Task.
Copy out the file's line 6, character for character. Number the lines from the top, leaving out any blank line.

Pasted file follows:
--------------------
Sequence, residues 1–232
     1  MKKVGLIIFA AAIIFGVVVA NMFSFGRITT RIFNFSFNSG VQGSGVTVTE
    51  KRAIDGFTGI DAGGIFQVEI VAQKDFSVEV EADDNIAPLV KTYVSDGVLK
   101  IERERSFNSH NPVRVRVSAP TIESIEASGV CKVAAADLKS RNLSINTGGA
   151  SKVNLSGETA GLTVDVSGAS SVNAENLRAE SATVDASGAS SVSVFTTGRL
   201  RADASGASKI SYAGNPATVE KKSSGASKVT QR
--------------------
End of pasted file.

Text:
   201  RADASGASKI SYAGNPATVE KKSSGASKVT QR